Notable Occasions on the Calendar of Dread
A review by Brennan Klein.
The most I can say for Netflix launching their 2020 holiday movie campaign with Holidate on October 28 is that at least there's a scene set on Halloween in this one, so it's not as egregious as Hallmark's reign of terror. But at least Hallmark knows better than to pretend their toothless holiday romances are in any way edgy or smart. You can only wear the "smarter than this genre" hat if you've got a head on your shoulders. But I'm getting ahead of myself. What the hell is this movie about? Let me tell you.
Holidate opens on Christmas, where Sloane (Emma Roberts) experiences the hell of compulsory heterosexuality as her family constantly needles her for not bringing a date home for the holiday. Inspired by her single aunt Susan (Kristin Chenoweth, shooting for a Jennifer Coolidge vibe and raining down pure chaos), Sloane vows to nab a "holidate," a no-strings-attached fling to bring to holiday parties and not fall in love with. And wouldn't you know it, but she just so happens to meet handsome pro-golfer Jackson (Luke Bracey), an Australian who could crash a Hemsworth family reunion unnoticed. So throughout the year they date each other exclusively on holidays and no other days, and just like all friends-with-benefits relationships in movies, this is a perfectly satisfactory arrangement for these two consenting adults and they don't succumb to sex madness and start making moon eyes at each other. JK, we all know how this ends.
Sarcasm aside, there is absolutely nothing wrong with a good cliché. I'm speaking as someone who has sat through upwards of 300 slasher movies. Knowing how a movie is going to end doesn't inherently make it a bad work of cinema. You what does make it that though? Lighting a scene like this, and just letting it stay like that for three whole minutes:
No, this isn't a scene of our romantic leads twelve seconds away from being murdered by a Predator. This is just happening. There's no reason. Sometimes life is unfair.
It's not like the lighting was phenomenal up until this point. It's that kind of improperly managed digital photography that Netflix traffics in where everyone is just slightly shiny and overexposed and looks like a cookie that's been left in the oven for too long. But really, now.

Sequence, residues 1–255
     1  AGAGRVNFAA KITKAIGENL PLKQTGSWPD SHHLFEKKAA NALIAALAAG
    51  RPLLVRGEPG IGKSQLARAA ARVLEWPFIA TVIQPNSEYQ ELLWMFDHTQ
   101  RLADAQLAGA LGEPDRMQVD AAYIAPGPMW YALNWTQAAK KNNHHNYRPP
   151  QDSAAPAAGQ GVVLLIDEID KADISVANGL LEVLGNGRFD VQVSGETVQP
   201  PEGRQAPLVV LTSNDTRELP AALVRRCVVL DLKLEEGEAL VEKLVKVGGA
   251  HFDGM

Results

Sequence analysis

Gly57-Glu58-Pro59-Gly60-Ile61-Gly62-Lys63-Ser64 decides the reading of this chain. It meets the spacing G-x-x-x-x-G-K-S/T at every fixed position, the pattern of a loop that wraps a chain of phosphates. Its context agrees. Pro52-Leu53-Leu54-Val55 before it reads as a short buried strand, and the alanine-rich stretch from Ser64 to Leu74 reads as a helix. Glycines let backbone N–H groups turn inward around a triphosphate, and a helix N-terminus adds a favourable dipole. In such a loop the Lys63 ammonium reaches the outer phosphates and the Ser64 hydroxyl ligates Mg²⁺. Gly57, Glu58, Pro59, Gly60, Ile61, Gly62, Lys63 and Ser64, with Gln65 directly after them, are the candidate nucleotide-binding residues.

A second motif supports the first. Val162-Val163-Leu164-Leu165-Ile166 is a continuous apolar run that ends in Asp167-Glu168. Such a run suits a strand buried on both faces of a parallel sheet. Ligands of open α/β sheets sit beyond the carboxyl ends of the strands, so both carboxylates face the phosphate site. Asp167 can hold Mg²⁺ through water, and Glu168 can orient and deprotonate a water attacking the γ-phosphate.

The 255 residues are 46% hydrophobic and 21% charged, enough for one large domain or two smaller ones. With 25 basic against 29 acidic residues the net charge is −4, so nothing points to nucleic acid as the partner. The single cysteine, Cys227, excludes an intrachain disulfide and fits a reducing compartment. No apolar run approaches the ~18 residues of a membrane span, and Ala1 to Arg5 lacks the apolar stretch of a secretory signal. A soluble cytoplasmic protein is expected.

And if you thought there couldn't possibly be anything worse than that shot in a movie made for human consumption, buckle in. Holidate has the gall to position itself as a sly commentary on the tropes of the rom-com. Now this kind of postmodern approach can work in a film like, say, Scream (though I know someone who might disagree with me). But Scream shines in two very specific ways. First, it wields the tropes of the horror genre with aplomb, reminding you that they're still scary no matter how much you make fun of them. Second, it actually has something to say about them, calling out certain aspects that haven't aged well and, say, cast women in a poor light.
Holidate fails at both of these. The romance elements are tedious and the leads have less chemistry than my film school class schedule. And the only tropes they call out are the easy ones that point out just how wow! jaded! the characters are about romance before their icy hearts melt ("Don't kiss me. I hate when rom-com characters kiss in the mornings because bad breath!" sneers Emma Roberts from lips glistening the perfect shade of plum).
They don't, for instance, acknowledge for one second that they're indulging in one of the most frequently called-out and tone deaf tropes of the genre: the sassy black best friend whose entire reason to live is to be a sounding board for a white person's romantic foibles. But wow! They sure do say "fuck" a lot, don't they? This isn't your grandmother's Hallmark movie!
Not all is terror and shame in Holidate, however. I laughed. Twice, even! And all the men are hot, which is really the only reason anybody is watching these movies anyway (just between you and me, I felt a lot kinder toward the movie in any scenes featuring Manish Dayal as Sloane's mom's neighbor and Julien Marlon Samani as her cheating ex, but let's not get distracted).
But even if you ache to sink into the abyss of an inane Netflix holiday treat, I would steer you away from Holidate. Try the Christmas Prince trilogy, perhaps. At least those movies are completely deranged, which is absolutely a positive in my book. Holidate just kind of lies there motionless, staring at the ceiling. Sure I want to kill time while remaining safe at home, but I'd rather not watch it die a slow, painful death.
Brennan Klein is a millennial who knows way more about 80's slasher movies than he has any right to. You can find his other reviews on his blog Popcorn Culture. Follow him on Twitter, if you feel like it.